Saturday, June 28, 2014

From the Cow Pastures to the Lunch Line: How is St. Paul’s Going Green?

Famous for the amount of food produced, the St. Paul’s School dining hall strives to be conscientious of the environmental world that we take for granted 

Larry Pletcher, owner of The Vegetable Ranch
Photo credit
The dining hall at SPS serves an assortment of high quality food to students almost year round. There are several ways in which the dining hall staff, in conjunction with the former SPS Environmental Stewardess Maura Adams, has improved the sustainability of the dining hall. In order to decrease the amount of food wasted by students and faculty, SPS must improve the sustainability of the food services on campus through several environmental strategies.

First, eliminating the use of the traditional lunch trays and implementing normal-sized plates and bowls drastically reduced the portion sizes of students and subsequently, the amount of food wasted after meals. Next on the sustainability checklist for the dining hall was how to reuse the food that gets thrown away. The solution? Compositing! The dining hall staff separates food, napkins, and other biodegradable materials used at meals. In addition, plastics and aluminum are recycled and reused in different ways. Food, napkins etc. can be composted to eventually produce soil that can be used to grow the vegetables and fruit that we eat and the grass that feeds the cows that become our meat source.

The plastics and aluminium waste produced at the dining hall can be recycled into new soda bottles, plastic pens, bags, and even clothes! By recycling these products to make new ones, SPS not only reduce the waste, but SPS reduces the amount of resources mankind requires to manufacturer new products. Buying food from local marketplaces ensures that SPS maintains sustainable consumption of foods. SPS takes that one step further. Larry Pletcher, owner of The Vegetable Ranch (LLC), in Warren NH, and has been given a plot of land on campus by the school to grow his produce. Roughly 10-15% of his harvests goes directly from the field to the kitchen at SPS, according to Sustenance and Sustainability Master Teacher Courtney Jackson. Growing its own food helps the dining hall tremendously in improving its sustainability.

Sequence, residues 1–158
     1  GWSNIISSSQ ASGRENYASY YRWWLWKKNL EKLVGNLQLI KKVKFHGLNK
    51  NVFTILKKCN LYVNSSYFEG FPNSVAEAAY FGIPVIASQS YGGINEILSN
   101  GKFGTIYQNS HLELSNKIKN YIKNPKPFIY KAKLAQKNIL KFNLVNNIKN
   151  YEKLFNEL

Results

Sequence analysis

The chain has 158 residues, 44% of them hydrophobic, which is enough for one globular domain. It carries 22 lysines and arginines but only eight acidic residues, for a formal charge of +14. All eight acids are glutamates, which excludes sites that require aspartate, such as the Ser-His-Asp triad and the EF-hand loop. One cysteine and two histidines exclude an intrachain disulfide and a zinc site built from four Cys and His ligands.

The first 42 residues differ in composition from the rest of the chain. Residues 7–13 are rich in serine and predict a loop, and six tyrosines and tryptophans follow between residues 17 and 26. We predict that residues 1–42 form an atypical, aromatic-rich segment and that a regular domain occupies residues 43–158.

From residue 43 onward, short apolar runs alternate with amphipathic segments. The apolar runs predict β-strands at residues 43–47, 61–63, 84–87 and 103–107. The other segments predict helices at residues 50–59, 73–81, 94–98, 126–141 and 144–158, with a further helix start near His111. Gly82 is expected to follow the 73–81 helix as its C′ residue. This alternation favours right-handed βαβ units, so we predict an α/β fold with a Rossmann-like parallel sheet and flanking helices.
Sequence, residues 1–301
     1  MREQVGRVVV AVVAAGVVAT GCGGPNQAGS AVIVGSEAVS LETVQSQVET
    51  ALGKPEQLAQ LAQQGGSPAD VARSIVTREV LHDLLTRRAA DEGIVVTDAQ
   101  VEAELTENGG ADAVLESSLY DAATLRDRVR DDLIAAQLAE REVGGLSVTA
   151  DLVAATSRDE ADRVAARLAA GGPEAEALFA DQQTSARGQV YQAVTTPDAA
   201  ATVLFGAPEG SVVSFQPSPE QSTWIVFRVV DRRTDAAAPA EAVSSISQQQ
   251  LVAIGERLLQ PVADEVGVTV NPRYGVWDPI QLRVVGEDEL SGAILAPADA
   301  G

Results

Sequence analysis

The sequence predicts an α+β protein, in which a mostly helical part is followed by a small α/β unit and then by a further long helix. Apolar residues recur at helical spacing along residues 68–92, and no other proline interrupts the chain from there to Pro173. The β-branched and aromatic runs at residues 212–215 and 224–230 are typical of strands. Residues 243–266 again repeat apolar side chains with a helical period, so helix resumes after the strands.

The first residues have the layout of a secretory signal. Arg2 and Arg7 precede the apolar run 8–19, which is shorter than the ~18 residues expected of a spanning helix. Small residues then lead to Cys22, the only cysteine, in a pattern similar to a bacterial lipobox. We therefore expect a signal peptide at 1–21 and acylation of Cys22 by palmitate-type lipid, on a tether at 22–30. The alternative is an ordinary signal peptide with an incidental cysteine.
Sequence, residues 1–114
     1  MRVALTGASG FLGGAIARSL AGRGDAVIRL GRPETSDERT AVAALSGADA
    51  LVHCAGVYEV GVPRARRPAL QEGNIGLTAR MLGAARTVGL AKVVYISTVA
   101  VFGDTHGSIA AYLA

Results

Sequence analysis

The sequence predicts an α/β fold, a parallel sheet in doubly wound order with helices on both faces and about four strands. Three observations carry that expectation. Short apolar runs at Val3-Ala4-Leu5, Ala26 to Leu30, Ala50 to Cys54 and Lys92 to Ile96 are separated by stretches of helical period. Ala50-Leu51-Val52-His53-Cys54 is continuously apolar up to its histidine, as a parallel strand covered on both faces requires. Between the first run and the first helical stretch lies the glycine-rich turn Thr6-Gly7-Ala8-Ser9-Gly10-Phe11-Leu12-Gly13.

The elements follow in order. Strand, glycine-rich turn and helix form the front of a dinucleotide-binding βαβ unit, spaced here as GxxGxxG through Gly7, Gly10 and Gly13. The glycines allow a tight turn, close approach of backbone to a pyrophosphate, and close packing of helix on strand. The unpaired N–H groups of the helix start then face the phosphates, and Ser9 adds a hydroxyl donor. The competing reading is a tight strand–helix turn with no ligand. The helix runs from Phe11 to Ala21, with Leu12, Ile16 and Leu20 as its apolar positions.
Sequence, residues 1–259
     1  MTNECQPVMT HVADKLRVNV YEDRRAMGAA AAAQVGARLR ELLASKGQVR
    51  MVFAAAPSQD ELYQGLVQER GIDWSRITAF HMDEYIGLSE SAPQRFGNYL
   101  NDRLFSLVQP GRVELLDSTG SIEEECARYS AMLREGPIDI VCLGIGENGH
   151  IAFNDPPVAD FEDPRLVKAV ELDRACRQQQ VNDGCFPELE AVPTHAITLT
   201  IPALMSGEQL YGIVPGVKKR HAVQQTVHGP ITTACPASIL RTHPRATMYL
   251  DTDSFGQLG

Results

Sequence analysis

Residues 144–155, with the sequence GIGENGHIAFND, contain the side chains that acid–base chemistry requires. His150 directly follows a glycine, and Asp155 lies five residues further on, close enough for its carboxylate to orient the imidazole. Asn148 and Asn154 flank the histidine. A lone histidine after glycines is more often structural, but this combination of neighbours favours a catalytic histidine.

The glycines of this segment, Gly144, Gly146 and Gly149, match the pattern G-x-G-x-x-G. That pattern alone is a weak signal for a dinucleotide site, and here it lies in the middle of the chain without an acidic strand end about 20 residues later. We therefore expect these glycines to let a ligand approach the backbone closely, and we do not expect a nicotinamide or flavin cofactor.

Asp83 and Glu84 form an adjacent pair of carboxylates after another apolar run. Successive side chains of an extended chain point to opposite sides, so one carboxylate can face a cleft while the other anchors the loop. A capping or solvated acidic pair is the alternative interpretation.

To further improve SPS sustainability, the school dedicated plots of land that are used as a pasture for cows to graze. As a result of this strategy, SPS now produces their own beef, which reduces the amount of resources that would be needed to ship hundreds of pounds of beef across the country and onto the campus.

SPS reduced the need for lawn mowers and pesticide treatment because the cows act as natural lawn mowers for the field they graze, and the pasture doesn’t have to be manicured using gasoline from a real lawn mower and with harmful chemical pesticides that can destroy local ecosystems. Many large beef producing companies no longer grass-fed their cattle because it is more expensive than a grain mixture, and this mixture actually makes cows more susceptible to disease. Eating beef that is grass-feed is beneficial to the health of the SPS community and this method helps to ensure the humane treatment of the farm-raised animals.

Between composting the food and increasing the ways in which the community can produce its own food, SPS has become more conscientious of how humans impact the environment. Because of the actions of humans, the world is facing environmental problems that have never before been seen, and humanity must find the strength to overcome the belief that humans are separate from the rest of the living world.


  1. Peter,
    This article is REALLY interesting! It amazes me how wonderful St. Paul's school is in regards to the architecture, classes offered and friendly staff, however, your article really opened my eyes to another side of SPS. The information you found regarding how SPS raises their cows and doesn't use harmful chemicals on the grass they feed to them was very intriguing. It makes me feel so much better about eating the food here! The statistic you included regarding the fact that 10-15% of The Vegetable Ranch's harvests come to SPS to be served is truly informative and helpful to those who spend most of their day in the dining hall (I.E. most of us). Great article!

    1. I'm happy I was able to describe another side of SPS that many people don't know about. I am glad you (and others) found sustainability somewhat interesting, as this type of stuff can be boring at times!

  2. Peter. You killed it. This article has a great balance of information and application. All the examples you give makes your article feel really real for the ASP community. I agree with Meghan ^, the part about the cows was really interesting, because I had NO idea that aspect of ASP existed. I think you should write a follow up article about the greenhouse and how it could be used for gardening over the summer, because it would be really cool if ASP could be made more sustainable through gardening practices.
    Great job!

    1. Thanks mason! I am glad I was able to make sustainability interesting and find information that many people didn't know about!

  3. Peter,
    This is a great article. I did not realize how much St. Paul's did. The part about the cows was extremely interesting to me because just like Mason said I had no idea that ASP did that. It would be cool if ASP used the greenhouse for gardening over the summer. Great Job Peter!

  4. Thanks mibson! I was surprised as well to find out we have our own cows!! Nice thought about the greenhouse as well.